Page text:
Published on January 9, 2008
GLASS TRANSITION RELATION TO STICKINESS DURING SPRAY DRYING: GLASS TRANSITION RELATION TO STICKINESS DURING SPRAY DRYING Bhesh Bhandari School of Land and Food Sciences University of Queensland St. Lucia Queensland 4072 AUSTRALIA Three states of matter: Three states of matter Gas Liquid Solid Molecular mobility Solid state: Solid state Amorphous Crystalline Amorphous solid: Amorphous solid Other terminologies Glass Vitrified solid Fourth state of matter Structure of a liquid but property of a solid Amorphous solid (Glass): Amorphous solid (Glass) Glass is a liquid molecular motion brought to halt due to cooling f(T) cooling Liquid m<107Pa.s Solid m>1012Pa.s Glass transition heating Thermal response- glass and crystal: Thermal response- glass and crystal Physical changes during transition: Physical changes during transition Solid Liquid Viscosity Thermal expansion Specific heat Dielectric constant Water mobility Glass transition region Changes during transition: Changes during transition m Pa.s T Tg Cp 1012 107 T Tg T Expansion coefficient Tg Slide9: Tg of some food materials Slide10: Tg as a function of water content Glass formation during food processing operations : Glass formation during food processing operations Crystalline solid Semi-crystalline solid Liquid Grinding, Extrusion cooking Thermal melting, Gelatinisation Rapid drying Rapid cooling below Tg Freezing Amorphous solid (GLASS) Physical states of various powders: Physical states of various powders Crystalline Refined sugars, organic acids, polyols, salts, … Amorphous Milk and some whey powders, instant coffee and tea protein powders coffee whitener cocoa powder Semi-crystalline (mixed) Whey powders (lactose crystals embedded in glassy matrix), starch powders (semi-crystalline regions) Icing sugar Amorphous powder production during spray drying: Amorphous powder production during spray drying Liquid product Atomisation Liquid surface Dehydration I - upper part of drier Plastic surface Plastic sticky surface Tsurface>>Tg m<107 Pa.s Dehydration II - middle part of drier Non-sticky surface Tsurface<Tg+20oC m>107 Pa.s Amorphous powder (Glassy state) Dehydration III - lower part of drier Stickiness profile of a drying droplet: Stickiness profile of a drying droplet Drying parameters Temperature Air dynamics Drier design Droplet surface property Product property (Tg) STICKY PROPERTY Slide15: Droplet surface property Development of an in-situ stickiness measuring device Slide16: Schematic diagram of stickiness in-situ testing device Initial drop radius: 3.41 mm Probe withdrawal speed: 30 mm/min Contact time: 2-5 seconds Slide17: FAILURE MODES (while withdrawing the probe from the drop surface) Cohesive failure weak cohesive strength- strong adhesive strength Cohesive-adhesive failure Cohesive or adhesive strength dominance Adhesive failure weak adhesive strength (strong cohesive strength) Slide18: Cohesive failure High H2O Mixed failure Intermediate H2O Adhesive failure Intermediate H2O Nonadhesion Low H2O Slide19: SURFACE STICKINESS OF DROPS OF FRUCTOSE-MALTODEXTRIN MIXTURES (63oC) 100%malto 20%Fruc 50%Fruc 80%Fruc 100%Fruc Slide20: Moisture Temperature >1012Pa.s <107Pa.s Stickiness and glass transition curves during spray drying Common approach to minimise stickiness during spray drying: Common approach to minimise stickiness during spray drying [Products exhibiting stickiness during spray drying Sugar- and acid-rich foods (fruit juices, honey etc..) High fat foods ] Addition of drying aids such as maltodextrin Starch hydrolysis product Widely used in food formulations Bland in taste Raise the glass transition temperature How much of maltodextrin is required?: How much of maltodextrin is required? Conventional method trial and error- expensive and time consuming Glass transition approach Composition dependent Major components of sticky products Sugars- fructose, glucose, sucrose Organic acids- citric acid, tartaric acid, malic acid Prediction models Food components+maltodextrin system Prediction models- Gordon and Taylor: Prediction models- Gordon and Taylor Tg = glass transition temperature of the mixture w1, w2 = mass fraction of solute and water respectively Tg1 and Tg2 = Tg (K) of solute and water (138K); k = constant applicable to binary systems Couchman and Karasz equation : Couchman and Karasz equation wi=fraction of component i Tgi=Glass transition temperature of component i DCpi=specific heat change of component i Works well with ideal system and anhydrous mixtures Poor prediction with aqueous and higher than ternary systems Or Simplified semi-empirical equationTruong et al. (2002) : Simplified semi-empirical equation Truong et al. (2002) XS, XG and XF = mass fractions of sucrose, glucose and fructose, respectively KSG, KSF and KGF=k values in Gordon-Taylor equation for binary mixtures of sucrose-glucose, sucrose-fructose and glucose-fructose, respectively. Conclusion: Conclusion Stickiness in spray drying is related to glass transition temperature Surface property of droplet drying parameters (temperature, humidity, air dynamics) Control of stickiness manipulation of the Tg by using an appropriate model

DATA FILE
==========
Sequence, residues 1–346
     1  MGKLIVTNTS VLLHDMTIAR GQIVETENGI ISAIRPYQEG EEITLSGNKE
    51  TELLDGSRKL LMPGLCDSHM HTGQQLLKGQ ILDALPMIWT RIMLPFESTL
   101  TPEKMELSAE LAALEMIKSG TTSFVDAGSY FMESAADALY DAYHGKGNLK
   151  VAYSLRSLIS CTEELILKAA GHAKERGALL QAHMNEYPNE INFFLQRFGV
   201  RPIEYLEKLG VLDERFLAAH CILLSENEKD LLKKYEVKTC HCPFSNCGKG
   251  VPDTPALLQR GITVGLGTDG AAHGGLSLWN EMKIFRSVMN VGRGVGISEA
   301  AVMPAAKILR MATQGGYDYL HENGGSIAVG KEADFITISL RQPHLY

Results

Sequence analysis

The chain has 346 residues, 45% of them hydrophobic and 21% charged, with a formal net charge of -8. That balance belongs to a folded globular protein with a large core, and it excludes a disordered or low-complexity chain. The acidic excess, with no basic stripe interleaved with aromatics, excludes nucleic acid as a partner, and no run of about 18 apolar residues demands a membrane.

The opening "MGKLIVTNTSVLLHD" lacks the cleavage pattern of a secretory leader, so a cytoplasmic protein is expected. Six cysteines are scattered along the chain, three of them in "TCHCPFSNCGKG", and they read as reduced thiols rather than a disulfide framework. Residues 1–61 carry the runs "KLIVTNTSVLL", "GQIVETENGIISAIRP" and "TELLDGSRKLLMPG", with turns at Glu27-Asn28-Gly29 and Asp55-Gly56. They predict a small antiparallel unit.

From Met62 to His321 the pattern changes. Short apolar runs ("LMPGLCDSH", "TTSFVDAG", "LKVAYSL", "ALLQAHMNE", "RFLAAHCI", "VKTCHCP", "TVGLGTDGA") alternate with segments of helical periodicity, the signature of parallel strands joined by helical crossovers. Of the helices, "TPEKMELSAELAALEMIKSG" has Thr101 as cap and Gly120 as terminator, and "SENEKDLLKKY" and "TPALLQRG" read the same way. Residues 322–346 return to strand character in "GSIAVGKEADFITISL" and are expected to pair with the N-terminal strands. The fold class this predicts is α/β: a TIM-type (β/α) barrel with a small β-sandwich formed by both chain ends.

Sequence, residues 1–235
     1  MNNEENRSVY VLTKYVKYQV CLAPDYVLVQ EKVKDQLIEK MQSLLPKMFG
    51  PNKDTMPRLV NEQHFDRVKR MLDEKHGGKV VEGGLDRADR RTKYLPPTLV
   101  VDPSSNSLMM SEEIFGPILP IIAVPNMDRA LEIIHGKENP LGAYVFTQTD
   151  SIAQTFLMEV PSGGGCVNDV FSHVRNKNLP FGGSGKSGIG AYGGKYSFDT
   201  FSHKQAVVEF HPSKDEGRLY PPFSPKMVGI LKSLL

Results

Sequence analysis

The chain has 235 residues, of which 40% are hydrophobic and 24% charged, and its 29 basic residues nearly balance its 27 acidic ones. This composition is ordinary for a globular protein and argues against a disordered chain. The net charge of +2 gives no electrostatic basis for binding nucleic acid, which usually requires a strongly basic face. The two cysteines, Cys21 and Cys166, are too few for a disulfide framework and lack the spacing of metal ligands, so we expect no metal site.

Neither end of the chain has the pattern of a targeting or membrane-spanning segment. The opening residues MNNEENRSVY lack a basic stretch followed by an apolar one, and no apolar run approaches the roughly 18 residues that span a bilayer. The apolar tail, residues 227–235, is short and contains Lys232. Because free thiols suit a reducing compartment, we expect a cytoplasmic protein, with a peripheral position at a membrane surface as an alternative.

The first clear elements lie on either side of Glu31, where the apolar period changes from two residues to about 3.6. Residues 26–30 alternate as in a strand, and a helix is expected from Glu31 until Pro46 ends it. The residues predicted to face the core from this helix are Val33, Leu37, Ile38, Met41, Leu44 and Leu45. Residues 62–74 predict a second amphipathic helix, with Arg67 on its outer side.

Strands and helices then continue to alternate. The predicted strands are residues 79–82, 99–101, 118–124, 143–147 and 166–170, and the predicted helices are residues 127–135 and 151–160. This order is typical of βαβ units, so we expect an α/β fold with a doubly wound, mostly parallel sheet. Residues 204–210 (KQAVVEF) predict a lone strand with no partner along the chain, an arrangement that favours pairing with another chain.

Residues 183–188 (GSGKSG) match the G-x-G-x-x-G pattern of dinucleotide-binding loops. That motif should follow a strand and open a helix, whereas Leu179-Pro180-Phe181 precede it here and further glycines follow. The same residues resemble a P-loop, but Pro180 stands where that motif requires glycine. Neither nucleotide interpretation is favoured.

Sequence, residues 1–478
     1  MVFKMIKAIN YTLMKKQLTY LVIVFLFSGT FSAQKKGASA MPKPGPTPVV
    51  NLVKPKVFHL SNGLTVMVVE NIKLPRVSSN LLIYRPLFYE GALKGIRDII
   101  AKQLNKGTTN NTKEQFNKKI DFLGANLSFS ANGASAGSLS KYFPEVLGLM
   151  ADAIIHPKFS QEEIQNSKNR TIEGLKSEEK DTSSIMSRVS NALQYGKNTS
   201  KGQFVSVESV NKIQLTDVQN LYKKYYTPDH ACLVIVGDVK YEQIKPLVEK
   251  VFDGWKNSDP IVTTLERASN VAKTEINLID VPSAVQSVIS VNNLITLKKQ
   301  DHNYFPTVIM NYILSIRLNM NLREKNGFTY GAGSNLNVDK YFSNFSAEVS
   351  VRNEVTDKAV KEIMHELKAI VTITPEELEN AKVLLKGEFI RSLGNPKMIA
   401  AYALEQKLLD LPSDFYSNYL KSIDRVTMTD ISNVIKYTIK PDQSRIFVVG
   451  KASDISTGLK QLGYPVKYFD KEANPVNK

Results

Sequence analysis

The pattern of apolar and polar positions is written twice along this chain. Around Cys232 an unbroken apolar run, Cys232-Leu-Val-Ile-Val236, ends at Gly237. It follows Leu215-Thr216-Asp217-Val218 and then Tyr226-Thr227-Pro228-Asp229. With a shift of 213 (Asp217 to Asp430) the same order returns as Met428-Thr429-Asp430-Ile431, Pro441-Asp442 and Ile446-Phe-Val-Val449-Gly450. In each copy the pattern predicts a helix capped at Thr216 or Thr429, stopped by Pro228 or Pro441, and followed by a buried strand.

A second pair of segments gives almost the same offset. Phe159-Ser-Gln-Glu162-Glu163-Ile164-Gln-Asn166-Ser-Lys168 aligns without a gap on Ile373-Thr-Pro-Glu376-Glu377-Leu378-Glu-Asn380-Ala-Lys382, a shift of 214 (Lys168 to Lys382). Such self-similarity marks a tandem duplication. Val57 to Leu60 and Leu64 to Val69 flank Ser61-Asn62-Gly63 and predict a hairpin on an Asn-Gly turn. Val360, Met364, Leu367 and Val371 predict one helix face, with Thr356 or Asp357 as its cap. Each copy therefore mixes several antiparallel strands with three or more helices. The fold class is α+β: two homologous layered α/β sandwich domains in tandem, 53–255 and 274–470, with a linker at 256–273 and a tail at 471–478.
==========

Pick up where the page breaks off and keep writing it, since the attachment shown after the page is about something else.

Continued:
Molecular Motion in Glassy Systems Wageningen University and Research Centre . Molecular Motion in Glassy Systems . Marcus A.
drying and dehydration - PPT slides, PowerPoint presentations for download - Drying and Dehydration. Removes water. Occurs under natural conditions in the ...